Council members were incensed, accusing Bloomberg and Quinn of lying to them. Quinn claims not to understand what went wrong in Albany. But that was the least of her problems: The slush-fund scandal was producing daily stories about hidden council funds doled out to flimsy, politically connected organizations. At a press conference the day of the first Post story, Quinn answered questions for nearly an hour, trying to confront every allegation. That night, at home with partner Kim Catullo, a corporate lawyer, Quinn says she couldn’t sleep. “I ran the story over and over in my head: What’s this going to mean? Will I be able to do this? Will I be able to do that? And it was making me sick.”
Three weeks later, sitting in her City Council office, opposite an enormous Lee Krasner painting, Quinn seems to have regained her equilibrium. Yet as soon as the conversation turns to her response to the scandal, Quinn begins tugging at the heart-shaped pendant around her neck. “At some point I had to make a conscious decision to put [the idea of running for mayor] on the shelf. Not in some wildly altruistic, ‘I’m better than other people who are politically ambitious’ way—but because it was making me crazy. If I asked one more person, ‘What do you think? Do you think I’ll be able to run for another office some day?’ Either people said yes, and I said, ‘Oh, you’re full of it, you’re just lying to me, you want to make me feel better,’ or they said no, and I’d be crushed and want to pull the covers over my head. So there was no point in the exercise. So I decided to put it aside. Tommy!”
She leaps up and dashes across the room toward an aide. Quinn has been sitting on her BlackBerry; it just buzzed with a message about a pregnant staffer, and Quinn wants to make sure the woman is safely on the way to a doctor.
These days, Quinn says, she’s concentrating solely on her job as speaker. “We need to pass a budget that New Yorkers can have some faith in, in the next eight to nine weeks. At a point like this, I can’t even begin to hypothesize what my political future might be. I don’t know. That’s really the furthest thing from my mind at this moment in time.”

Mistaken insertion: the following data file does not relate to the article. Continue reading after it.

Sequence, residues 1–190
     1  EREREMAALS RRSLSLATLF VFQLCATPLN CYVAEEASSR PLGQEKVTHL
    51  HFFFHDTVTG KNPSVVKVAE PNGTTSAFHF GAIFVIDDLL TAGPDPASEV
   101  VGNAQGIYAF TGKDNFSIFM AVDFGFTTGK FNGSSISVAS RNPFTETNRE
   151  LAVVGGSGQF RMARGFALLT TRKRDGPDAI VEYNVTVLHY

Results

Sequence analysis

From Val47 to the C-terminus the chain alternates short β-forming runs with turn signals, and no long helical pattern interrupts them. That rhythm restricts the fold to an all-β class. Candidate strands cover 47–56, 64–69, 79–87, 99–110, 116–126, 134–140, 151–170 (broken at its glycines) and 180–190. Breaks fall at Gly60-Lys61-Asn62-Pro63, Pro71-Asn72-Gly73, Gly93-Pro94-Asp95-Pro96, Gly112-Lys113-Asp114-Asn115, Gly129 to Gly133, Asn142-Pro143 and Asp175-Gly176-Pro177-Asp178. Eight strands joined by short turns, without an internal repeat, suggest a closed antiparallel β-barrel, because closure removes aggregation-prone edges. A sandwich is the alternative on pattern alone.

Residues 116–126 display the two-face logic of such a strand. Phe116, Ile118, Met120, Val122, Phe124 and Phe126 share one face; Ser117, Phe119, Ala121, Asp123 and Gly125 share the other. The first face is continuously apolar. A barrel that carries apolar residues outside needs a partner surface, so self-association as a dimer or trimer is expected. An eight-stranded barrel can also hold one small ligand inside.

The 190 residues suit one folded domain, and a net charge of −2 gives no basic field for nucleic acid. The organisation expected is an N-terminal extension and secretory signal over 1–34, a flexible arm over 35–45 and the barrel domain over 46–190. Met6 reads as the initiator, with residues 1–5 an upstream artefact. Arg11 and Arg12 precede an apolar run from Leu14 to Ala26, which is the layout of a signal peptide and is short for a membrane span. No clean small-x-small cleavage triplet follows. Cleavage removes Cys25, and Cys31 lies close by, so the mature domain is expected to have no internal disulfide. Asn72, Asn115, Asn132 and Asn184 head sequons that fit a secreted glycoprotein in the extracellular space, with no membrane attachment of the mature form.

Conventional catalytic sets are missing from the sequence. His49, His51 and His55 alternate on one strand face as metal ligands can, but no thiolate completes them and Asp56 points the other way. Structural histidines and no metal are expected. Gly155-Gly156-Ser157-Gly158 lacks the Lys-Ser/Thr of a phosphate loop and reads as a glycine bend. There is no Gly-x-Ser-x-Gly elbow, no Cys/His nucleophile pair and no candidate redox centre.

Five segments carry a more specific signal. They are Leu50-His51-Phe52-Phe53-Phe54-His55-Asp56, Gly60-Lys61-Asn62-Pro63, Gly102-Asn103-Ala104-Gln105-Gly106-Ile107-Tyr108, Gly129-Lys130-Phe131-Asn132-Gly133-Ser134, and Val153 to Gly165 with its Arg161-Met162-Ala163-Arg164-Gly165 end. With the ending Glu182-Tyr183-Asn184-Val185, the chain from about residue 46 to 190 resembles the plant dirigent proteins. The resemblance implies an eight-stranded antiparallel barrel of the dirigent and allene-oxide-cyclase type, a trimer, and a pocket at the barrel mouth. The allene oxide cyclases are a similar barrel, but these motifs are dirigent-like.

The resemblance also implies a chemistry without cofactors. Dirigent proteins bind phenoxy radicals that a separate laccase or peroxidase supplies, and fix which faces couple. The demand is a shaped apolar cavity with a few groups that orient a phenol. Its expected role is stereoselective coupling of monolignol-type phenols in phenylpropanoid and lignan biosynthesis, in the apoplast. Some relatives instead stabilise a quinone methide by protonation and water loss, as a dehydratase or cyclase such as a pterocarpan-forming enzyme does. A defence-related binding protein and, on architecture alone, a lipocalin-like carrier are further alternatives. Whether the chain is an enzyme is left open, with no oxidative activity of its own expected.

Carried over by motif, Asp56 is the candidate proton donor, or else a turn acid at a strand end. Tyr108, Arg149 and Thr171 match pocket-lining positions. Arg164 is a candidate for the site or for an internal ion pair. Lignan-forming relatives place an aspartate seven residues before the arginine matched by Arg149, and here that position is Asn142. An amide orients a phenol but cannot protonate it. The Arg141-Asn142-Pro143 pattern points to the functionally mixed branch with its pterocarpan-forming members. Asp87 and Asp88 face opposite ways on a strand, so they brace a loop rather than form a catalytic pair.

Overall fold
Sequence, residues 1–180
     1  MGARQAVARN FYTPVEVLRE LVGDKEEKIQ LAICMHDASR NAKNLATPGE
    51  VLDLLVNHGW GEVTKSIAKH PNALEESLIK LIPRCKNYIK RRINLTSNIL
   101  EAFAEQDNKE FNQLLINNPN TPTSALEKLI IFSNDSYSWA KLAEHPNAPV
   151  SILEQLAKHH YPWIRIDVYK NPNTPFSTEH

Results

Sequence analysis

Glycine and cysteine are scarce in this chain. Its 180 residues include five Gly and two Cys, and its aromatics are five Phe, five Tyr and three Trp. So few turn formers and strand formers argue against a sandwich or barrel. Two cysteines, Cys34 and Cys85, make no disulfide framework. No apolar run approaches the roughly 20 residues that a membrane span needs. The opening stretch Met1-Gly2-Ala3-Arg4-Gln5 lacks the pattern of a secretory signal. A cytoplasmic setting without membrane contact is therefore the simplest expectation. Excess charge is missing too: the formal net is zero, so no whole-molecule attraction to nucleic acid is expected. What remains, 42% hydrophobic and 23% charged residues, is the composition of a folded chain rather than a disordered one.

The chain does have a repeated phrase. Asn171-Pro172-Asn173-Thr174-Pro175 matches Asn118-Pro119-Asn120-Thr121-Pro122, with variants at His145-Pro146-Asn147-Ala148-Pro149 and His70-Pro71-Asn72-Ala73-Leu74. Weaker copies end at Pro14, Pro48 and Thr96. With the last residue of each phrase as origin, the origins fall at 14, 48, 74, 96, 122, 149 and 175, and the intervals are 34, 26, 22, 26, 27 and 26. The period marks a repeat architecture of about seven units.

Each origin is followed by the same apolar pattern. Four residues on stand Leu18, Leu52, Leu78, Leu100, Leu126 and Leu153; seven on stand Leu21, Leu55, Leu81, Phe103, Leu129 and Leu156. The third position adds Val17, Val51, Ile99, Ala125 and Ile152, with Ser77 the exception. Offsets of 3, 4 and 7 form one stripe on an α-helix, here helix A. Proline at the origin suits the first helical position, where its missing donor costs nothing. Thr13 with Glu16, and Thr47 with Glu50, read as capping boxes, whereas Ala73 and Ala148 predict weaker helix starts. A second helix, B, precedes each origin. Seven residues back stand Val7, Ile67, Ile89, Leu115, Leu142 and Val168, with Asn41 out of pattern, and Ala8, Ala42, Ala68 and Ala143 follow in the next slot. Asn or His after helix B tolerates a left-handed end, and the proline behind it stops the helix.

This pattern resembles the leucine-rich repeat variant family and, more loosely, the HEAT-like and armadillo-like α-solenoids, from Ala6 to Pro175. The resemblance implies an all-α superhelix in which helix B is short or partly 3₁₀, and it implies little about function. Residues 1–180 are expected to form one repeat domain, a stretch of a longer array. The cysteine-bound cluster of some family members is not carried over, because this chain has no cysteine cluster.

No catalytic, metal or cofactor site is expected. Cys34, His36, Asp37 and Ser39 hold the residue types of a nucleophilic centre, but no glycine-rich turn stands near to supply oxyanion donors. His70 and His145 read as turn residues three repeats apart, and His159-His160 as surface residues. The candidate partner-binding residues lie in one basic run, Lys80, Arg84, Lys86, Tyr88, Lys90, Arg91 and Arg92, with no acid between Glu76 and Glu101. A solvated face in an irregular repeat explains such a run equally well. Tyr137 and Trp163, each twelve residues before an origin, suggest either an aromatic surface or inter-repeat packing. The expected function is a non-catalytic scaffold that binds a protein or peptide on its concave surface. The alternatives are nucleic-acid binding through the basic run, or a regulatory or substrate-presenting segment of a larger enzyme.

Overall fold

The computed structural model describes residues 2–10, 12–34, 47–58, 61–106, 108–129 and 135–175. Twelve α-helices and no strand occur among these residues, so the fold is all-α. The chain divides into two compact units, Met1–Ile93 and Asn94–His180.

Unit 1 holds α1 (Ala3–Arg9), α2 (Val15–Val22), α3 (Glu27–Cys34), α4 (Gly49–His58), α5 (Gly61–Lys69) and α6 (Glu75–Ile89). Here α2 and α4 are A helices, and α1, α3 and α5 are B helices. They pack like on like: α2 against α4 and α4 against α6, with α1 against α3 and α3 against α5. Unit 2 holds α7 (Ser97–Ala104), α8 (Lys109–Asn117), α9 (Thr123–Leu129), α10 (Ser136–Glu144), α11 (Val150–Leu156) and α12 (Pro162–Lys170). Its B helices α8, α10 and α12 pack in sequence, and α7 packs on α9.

Yet she’s going full speed ahead with a major fund-raising reception during Gay Pride Week in June. The invitation to the affair is refreshingly direct: “This event is to raise funds for Christine’s prospective run for citywide office such as Mayor in 2009.” Quinn has shown some early strength in the race to succeed Bloomberg. She’s raised a respectable $2.4 million, and coming from Manhattan gives her a broad and populous base. She wouldn’t have gone into 2009 as the front-runner—Congressman Anthony Weiner, by virtue of a strong 2005 primary run, has to be considered the early favorite—but the pre-scandal Quinn would have been a formidable contender.
“Someone who should have been functioning as the leader of the legislative body threw us under the bus,” says council member John Liu of Queens.
If Quinn is weakened or sidelined, Manhattan is in play. Weiner will get a greater hearing from yuppie voters. Bill Thompson, who’s raised the most money of the presumed contenders, will go harder after white voters. Tony Avella, a councilman from Queens, will argue that the scandal has proved his populist attacks on the culture of insider dealing were right all along. An even larger repercussion will be to enlarge the field. Marty Markowitz has been president of the city’s most populous borough, Brooklyn, for six years. Ray Kelly has presided over record-low crime statistics and come through the Sean Bell trial without a major racial eruption.
Bloomberg, who certainly owed Quinn after the congestion-pricing debacle, threw her an important life preserver by calling the speaker “the most honest person I know.” And last week, Quinn’s prospects got a badly needed boost from a Quinnipiac University poll suggesting a large majority of voters don’t blame her for the council’s shady reserve fund—though a worrisome 52 percent think she knew about it all along. “Her most serious problem is not allowing the idea that she can’t win because of the council scandal to set in and become conventional wisdom,” says a political strategist who has run mayoral races. “Not with voters—with labor leaders, the real-estate community, the chattering classes.”
All of the city’s editorial pages have called for a ban on member items. Quinn, scrambling to recover, had no chance of getting that through the council, and says she’s not even sure if it would be good policy. “It’s an idea and a suggestion I totally, totally understand. I understand where it’s coming from,” Quinn says. “The truth is, there’s a lot of politics in member items. There’s also some historical need for them. We, in a good way, are getting along with Bloomberg and trying to fund joint priorities. But there was a time when, if Rudy Giuliani didn’t like a group, the money didn’t go to them, whether it was in the budget or not.” Even if member items are sometimes a necessary corrective, does she think her first, tougher proposal would have been helped by discussing it in advance with council members? “In hindsight, I absolutely wish I had done more consultation,” Quinn says slowly. “Where myself and my colleagues end up at the end of this process will give illumination to where people would have ended up if there were greater consultation.”